Here I am at 21, with over two decades in conditioning on what “Hispanic/Latino/Chincano” is. Just now, in this year learning that Latino is moreso about the culture and Latin countries. That Hispanic has more to do with Spain/Portugal. And that Chicano is of/related to Mexico. Just recently being applauded by my peers for how well I spoke in Spanish class. I was always semi-conversational because it was spoken in my home. Just realizing watching, Buena Vista Social Club on Netflix that Cubans are just as dark as me, even darker. Explaining to my relatives why I dedicated my junior dance piece to Che Guevara & choreographed it to Commandante.
Yet I still feel like people will think Im inauthentic if I begin blogging in Spanish. That I am not allowed to use that language because my hair doesn’t flow down my back and my mother never cooked Cuban food in our home. Because I am more of a milk chocolate brown than a dulce de leche caramel all over.
But, what is identity? Thats something I learned to question while at college. Liberatingly enough, I learned that it is a device of the stringency of Westernization to try and isolate me racially based on my color. My brown-paper-bagness. My one-dropness. I learned that ethnicity is not something I am making up, its something I actually have. And who or what you are is entirely based on your experiences. Not what pumps through your veins. You get to be who you say you are.
Shame how Black women have been taught that their rival is the fair skinned Latina. I fear people in my Black community will make assumptions about me. That I’m trying to be better by claiming Afro-Latina instead of just Afro. That some how I am hoping people will see me as better, or lighter, or prettier, or more exotic or sexier. Or be cinched in the waist & calling men “Papi”.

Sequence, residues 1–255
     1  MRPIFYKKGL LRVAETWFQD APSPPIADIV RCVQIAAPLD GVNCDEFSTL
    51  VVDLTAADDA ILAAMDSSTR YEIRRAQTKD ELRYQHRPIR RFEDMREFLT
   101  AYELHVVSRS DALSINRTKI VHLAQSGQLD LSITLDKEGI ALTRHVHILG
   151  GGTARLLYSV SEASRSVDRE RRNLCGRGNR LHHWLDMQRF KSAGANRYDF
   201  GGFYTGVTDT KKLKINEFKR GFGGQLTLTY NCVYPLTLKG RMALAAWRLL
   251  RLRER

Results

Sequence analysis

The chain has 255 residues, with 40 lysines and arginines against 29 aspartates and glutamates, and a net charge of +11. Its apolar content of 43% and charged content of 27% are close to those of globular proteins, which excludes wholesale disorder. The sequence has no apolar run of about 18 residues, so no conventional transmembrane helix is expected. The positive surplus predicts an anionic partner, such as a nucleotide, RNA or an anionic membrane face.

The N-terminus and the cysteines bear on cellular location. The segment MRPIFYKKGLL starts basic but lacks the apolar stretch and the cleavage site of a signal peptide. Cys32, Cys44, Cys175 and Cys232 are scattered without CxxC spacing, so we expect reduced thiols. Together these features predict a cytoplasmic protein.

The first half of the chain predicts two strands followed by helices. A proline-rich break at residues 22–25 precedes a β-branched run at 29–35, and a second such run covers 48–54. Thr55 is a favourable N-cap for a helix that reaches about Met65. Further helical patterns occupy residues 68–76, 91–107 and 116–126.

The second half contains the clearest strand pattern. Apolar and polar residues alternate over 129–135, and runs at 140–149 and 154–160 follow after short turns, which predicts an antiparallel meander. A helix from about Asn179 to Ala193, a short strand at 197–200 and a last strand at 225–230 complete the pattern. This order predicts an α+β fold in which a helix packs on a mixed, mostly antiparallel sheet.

When in fact, I just want to welcome a part of me back into my family.
I want to celebrate the grandfather, who’s birthday immediately follows mine, as a heritage since I cannot celebrate him as a person. I want to accept my Africana. My Latina. My Americana. That is something in my heart and that I want back into my life. Through research and experiences and embracing and discovering. I want to cook the foods I like, and discover the foods of my people. All my people. I want to teach my children my Spanish. That I learned in my American school, and thats okay. I want to read up on how to reconcile this. I want to read more about it.
I will not be perfectly what anyone thinks I should be ever. But, my identity isn’t for them. It’s for me.
Luisa Hernández Angueira in “Across the Mona Strait: Dominican Boat Women in Puerto Rico” makes the argument that, “In Puerto Rico, migrant Dominican women differ from Puerto Rican women (a far more complex opposition than that of women to men) within a society stratified by class, race, ethnicity, and gender. Dominican women represent functions and characteristic that define them as “the other,” a condition which benefits the dominant forces of society” (Hernández Angueira in Lòpez 1997). Dominican women are viewed as social pariahs in Puerto Rican society; they are women, working class, usually darker than Puerto Ricans, and bring their own cultural values with them.
“Black history is taught like this: you started off as a slave, then white people felt bad and decided to free you, then civil rights legislation made you equal, and finally you achieved victory with Obama’s election. The end…. Of course, that is ridiculous. That is the White Supremacist version of black history. The end result of this mis-education is that black children are separated from their own people’s legacy and historical achievements.
Everybody in the world has the right to draw inspiration from their own people’s legacy, and this right is robbed from black children because their history is actively hidden, distorted, and replaced with make-believe.